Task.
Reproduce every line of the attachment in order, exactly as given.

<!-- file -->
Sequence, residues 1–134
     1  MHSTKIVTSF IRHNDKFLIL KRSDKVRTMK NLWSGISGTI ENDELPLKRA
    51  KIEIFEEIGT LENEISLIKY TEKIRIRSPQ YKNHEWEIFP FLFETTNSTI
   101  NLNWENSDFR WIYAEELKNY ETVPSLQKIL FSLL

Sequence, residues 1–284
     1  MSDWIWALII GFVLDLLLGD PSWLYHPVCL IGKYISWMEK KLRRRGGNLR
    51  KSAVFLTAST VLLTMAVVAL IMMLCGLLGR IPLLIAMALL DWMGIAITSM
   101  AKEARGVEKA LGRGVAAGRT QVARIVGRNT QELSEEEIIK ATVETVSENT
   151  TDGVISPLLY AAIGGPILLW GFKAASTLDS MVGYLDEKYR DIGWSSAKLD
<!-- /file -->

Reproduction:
Sequence, residues 1–134
     1  MHSTKIVTSF IRHNDKFLIL KRSDKVRTMK NLWSGISGTI ENDELPLKRA
    51  KIEIFEEIGT LENEISLIKY TEKIRIRSPQ YKNHEWEIFP FLFETTNSTI
   101  NLNWENSDFR WIYAEELKNY ETVPSLQKIL FSLL

Sequence, residues 1–284
     1  MSDWIWALII GFVLDLLLGD PSWLYHPVCL IGKYISWMEK KLRRRGGNLR
    51  KSAVFLTAST VLLTMAVVAL IMMLCGLLGR IPLLIAMALL DWMGIAITSM
   101  AKEARGVEKA LGRGVAAGRT QVARIVGRNT QELSEEEIIK ATVETVSENT
   151  TDGVISPLLY AAIGGPILLW GFKAASTLDS MVGYLDEKYR DIGWSSAKLD